Anti Racism Statement

The Environmental Science program (ENVL) at Stockton University is committed to championing and supporting Black, Indigenous, and People of Color (BIPOC) in our program and across the University community as a whole. We recognize the long-standing colonialist and racist roots of environmentalism in the United States, and pledge to work diligently to change structural and societal injustices, break down inequities and barriers to BIPOC students in our field, and lift up and center BIPOC narratives and voices that are central to our country’s environmental history and its future going forward. Further, we are committed to making the ENVL program and the University overall a more welcoming and inclusive place by:

Creating an ENVL Standard of Community Conduct, which entails:

  • being mindful of our unconscious biases,
  • being aware of and avoiding microaggressions in the classroom and workspaces,
  • speaking up if you see or hear something unacceptable or inappropriate,
  • listening to voices and ideas different from your own,
  • advocating and speaking up for others who may not have the same privilege,
  • not degrading others for mistakes, ideas, or other points of view,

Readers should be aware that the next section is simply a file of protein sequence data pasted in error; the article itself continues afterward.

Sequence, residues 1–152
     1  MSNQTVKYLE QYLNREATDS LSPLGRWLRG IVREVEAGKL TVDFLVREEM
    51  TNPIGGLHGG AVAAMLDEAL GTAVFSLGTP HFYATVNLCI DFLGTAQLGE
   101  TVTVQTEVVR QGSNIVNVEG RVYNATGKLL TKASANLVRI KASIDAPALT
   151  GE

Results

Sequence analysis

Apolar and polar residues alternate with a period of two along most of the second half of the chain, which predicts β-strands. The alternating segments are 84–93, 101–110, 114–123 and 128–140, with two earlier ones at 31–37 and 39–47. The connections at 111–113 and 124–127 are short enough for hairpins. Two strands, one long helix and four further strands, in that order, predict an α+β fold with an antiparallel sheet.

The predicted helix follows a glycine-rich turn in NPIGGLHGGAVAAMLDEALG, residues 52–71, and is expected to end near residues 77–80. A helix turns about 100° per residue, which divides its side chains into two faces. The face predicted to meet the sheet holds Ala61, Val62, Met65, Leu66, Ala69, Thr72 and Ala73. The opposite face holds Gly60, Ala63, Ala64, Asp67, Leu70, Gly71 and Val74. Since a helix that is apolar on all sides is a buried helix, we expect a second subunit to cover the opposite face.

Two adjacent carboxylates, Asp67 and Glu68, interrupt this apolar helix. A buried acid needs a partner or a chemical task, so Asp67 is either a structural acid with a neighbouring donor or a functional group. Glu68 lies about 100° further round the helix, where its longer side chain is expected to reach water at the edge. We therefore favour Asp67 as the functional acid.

• holding yourself and all community members accountable.

Making substantive changes to our course content and curriculum to incorporate issues of race, racism, and racial bias, including:

  • encouraging faculty to review their courses with a critical eye on focusing to de-colonizing and diversify the voices given a platform in their disciplines,
  • consideration of a common reading for 2000-level courses,
  • work with colleagues across NAMS and Stockton to increase offerings of courses centered on Environmental Justice and Environmental Racism

Developing targeted strategies for recruiting, retaining, and supporting BIPOC students and faculty within the program, including:

  • developing a support network for BIPOC students within the program (tutoring, mentorship opportunities, etc.),
  • working with the Admissions and Student Affairs Offices to develop recruiting materials, scholarship programs, and other opportunities for students from underrepresented high schools and community colleges in the region,
  • evaluating SAT and ACT requirements and other potential barriers to entry into the program,
  • working with the Student Affairs Office to develop retention initiatives and programs to support BIPOC students within the program,
  • developing and maintaining professional connections and relationships with Historically Black Colleges and Universities (HBCUs) and other BIPOC professional societies, and work with diversity committees within our existing professional organizations,
  • working with MARS and other programs in pursuing cluster hires that could address deficiencies in topics including impacts of climate change, environmental racism, environmental justice, food justice and others.